The State Legislature is set to vote on bill S-1861 on Monday which contains three items: eliminating public votes on school budgets that come in below the 4% cap, reducing the super-majority (60%) required for second questions to a simple majority, and moving school board elections to the standard Tuesday in November. The bill is sponsored by Senator Shirley Turner, Chair of the Senate Education Committee, and was originally called A-15 because 15% is considered the highest voter turnout possible when you have school board elections in the third week of April and no one besides school boards and teacher unions are paying attention.
Predictably, the New Jersey School Boards Association issued a statement praising the first two elements of the bill but slamming the third element:
Many legislators support the idea as a way to bolster voter turnout for school elections, which traditionally hovers around 15 percent. In addition, lawmakers contend that consolidating elections would save tax dollars. However, school boards members maintain that November board member elections would result in partisan politics dominating local education issues on a wide scale, in spite of best efforts to prevent it from occurring. NJSBA will seek amendments to have this provision removed.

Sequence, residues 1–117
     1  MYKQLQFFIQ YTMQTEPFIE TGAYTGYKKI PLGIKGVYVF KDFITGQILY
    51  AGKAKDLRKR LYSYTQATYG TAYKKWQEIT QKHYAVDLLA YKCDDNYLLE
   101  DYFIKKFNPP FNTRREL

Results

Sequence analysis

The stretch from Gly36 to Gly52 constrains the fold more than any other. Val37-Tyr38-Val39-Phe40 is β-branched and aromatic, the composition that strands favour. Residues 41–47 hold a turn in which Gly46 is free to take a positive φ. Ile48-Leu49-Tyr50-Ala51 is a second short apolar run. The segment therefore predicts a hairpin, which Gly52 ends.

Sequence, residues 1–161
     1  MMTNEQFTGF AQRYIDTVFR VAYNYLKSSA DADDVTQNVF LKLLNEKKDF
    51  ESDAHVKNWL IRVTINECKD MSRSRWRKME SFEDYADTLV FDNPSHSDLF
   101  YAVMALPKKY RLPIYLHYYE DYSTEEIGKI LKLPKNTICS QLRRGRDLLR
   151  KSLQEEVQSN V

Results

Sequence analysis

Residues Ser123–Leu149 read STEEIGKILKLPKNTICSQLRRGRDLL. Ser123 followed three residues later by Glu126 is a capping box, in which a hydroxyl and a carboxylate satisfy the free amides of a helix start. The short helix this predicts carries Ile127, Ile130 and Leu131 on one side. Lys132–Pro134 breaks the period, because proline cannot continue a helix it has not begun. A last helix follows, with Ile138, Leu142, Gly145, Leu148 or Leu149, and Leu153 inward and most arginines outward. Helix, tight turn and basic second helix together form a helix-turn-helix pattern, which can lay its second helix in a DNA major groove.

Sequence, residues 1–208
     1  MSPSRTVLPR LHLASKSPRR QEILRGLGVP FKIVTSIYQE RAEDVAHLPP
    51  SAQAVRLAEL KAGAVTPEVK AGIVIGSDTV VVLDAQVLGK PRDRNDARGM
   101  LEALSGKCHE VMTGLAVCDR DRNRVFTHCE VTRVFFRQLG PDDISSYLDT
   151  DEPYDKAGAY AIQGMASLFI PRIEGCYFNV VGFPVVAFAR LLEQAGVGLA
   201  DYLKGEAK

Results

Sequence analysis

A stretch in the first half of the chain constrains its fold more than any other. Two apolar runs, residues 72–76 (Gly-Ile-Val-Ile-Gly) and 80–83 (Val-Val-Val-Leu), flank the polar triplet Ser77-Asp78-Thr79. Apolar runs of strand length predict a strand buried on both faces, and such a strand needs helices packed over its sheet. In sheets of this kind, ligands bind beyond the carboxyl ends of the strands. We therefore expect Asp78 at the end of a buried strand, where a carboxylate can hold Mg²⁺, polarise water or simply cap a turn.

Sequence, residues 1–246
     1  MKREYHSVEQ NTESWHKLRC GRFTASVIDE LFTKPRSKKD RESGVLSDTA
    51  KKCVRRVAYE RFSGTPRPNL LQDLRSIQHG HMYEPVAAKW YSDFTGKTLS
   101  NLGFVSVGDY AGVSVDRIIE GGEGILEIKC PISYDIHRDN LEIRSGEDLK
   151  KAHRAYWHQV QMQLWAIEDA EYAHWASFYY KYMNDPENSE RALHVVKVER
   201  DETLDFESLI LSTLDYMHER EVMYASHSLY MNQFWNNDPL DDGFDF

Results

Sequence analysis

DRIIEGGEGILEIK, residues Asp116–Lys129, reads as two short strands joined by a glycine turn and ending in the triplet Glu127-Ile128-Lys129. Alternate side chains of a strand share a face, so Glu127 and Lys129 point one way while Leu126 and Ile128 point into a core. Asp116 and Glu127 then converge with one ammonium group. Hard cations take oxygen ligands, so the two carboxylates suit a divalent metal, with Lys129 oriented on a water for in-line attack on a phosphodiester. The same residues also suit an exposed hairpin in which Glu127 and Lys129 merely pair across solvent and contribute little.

We beg to differ. Moving school board elections to November is a smart, balanced move that is consistent with N.J.’s professed efforts to streamline our floundering educational system. First of all, it costs each school district somewhere in the neighborhood of $40K to run a separate election in April, which is about the salary of a teacher (well, okay, maybe 80% of a brand-new teacher excluding benefits). Yes, it might make the school board candidates stoop to “partisan politics,” but it would also diminish the impact of unions and special interest groups whom are accustomed to hand-picking allies, which is merely partisanship by a different name.
April school board elections impose a degree of parochialism on our public schools (no pun intended) which is, in some ways, perfectly consistent with home rule. Not only does each district have its own set of administrators, officials, budgets, programming, and facilities, but the election of its governing members is chronologically distinct from those of, say, municipal officials or governors or senators. This both artificially diverts the major driver of taxes – public schools – from the full attention of the public but also bypasses the necessary strategic integration of school-based issues and State-wide concerns. Sure, school board members represent the public, but perhaps it’s time to recognize that our extreme form of local governance fosters separatism, segregation, and inefficiency. If our goal is to create an equitable and accountable model of public education, then we need to move beyond insular local concerns and embrace all the children of our State, not just the ones within our small-town provincial borders.